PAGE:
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"Canterbury Tales"-First and Second Days

H ERE, then, they are assembled on a perfect morn-ing of English spring, with London streets awakening to life behind them, and the open road in front. Think of the dayspring from on high, the good brown earth and tender foliage, smoke curling up from cottage chimneys, pawing steeds, barking dogs, the cheerful stirrup - cup; every rider's face set to the journey after his individual mood, when at last the Host had successfully gathered his flock-

That is, to the little brook which now runs underground near the second milestone on the Old Kent Road, remembered only in the name of St. Thomas' Road and the Thomas a Becket Tavern. Up to this point the party had been enlivened by the Miller's bagpipe, and Professor Raleigh has justly pointed out how many musicians there are in Chaucer's company: the Squire; the Prioress with her psalms, "en tuned in her nose full seem ely "; the Friar, who could sing so well to his own harp; the Pardoner, with his II Come hither, love, to me," and the Summoner, who accompanied him in so "stiff" a bass. By St. Thomas' watering, however, either the Miller is out of breath or the party are out of patience, for here the Host reins up, and reminds them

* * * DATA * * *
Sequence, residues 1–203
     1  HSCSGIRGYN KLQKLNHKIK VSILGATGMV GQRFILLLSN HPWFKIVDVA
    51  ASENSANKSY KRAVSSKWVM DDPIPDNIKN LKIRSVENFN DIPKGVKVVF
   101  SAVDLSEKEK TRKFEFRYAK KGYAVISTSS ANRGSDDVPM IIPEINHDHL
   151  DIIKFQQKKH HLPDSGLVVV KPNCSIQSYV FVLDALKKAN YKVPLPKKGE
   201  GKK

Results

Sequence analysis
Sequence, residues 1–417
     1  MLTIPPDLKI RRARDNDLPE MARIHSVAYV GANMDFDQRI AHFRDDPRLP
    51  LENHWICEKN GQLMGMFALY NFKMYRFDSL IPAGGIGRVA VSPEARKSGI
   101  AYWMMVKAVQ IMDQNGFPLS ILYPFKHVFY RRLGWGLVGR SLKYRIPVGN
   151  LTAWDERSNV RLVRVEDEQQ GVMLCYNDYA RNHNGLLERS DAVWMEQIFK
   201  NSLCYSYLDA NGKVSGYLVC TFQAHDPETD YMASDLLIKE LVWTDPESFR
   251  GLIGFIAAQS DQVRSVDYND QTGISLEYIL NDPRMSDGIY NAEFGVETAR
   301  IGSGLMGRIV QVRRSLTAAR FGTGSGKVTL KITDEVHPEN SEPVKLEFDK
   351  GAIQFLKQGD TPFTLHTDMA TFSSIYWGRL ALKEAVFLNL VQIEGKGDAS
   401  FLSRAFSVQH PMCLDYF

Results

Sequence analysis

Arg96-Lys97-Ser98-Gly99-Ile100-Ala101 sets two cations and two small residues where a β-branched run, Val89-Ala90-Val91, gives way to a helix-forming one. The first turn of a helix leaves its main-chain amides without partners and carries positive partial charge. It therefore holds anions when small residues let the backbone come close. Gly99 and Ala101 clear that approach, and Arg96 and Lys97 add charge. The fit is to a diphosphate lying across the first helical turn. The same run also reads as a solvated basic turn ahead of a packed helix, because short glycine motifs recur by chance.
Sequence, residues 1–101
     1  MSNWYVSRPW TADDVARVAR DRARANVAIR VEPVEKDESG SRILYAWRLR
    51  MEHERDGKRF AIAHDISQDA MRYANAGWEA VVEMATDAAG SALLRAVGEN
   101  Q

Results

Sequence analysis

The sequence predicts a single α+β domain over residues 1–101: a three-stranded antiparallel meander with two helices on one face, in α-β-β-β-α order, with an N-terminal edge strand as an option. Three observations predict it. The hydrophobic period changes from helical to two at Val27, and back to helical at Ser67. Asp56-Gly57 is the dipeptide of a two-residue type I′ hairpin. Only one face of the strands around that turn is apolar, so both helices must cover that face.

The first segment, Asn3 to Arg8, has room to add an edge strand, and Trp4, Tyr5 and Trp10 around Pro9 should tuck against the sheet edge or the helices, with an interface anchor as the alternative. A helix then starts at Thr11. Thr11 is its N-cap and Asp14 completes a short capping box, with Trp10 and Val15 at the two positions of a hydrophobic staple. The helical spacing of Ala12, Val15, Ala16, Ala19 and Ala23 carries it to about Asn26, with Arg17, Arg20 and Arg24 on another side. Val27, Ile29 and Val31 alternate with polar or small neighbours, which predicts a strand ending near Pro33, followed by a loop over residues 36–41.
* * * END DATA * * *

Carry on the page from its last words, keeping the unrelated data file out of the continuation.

of their promise to tell tales on the way. They draw cuts, and the longest straw (whether by chance or by Boniface's sleight of hand) falls to the one man with whom none other would have disputed for precedence. The Knight, with ready courtesy, welcomed the choice "in God's name," and rode on, bidding the company /I hearken what I say." Let us not inquire too closely how far every word was audible to the whole thirty, as they clattered and splashed along. We may always be sure that enough was heard to keep the general interest alive, and it may be charitably hoped that the two nuns were among those who caught least.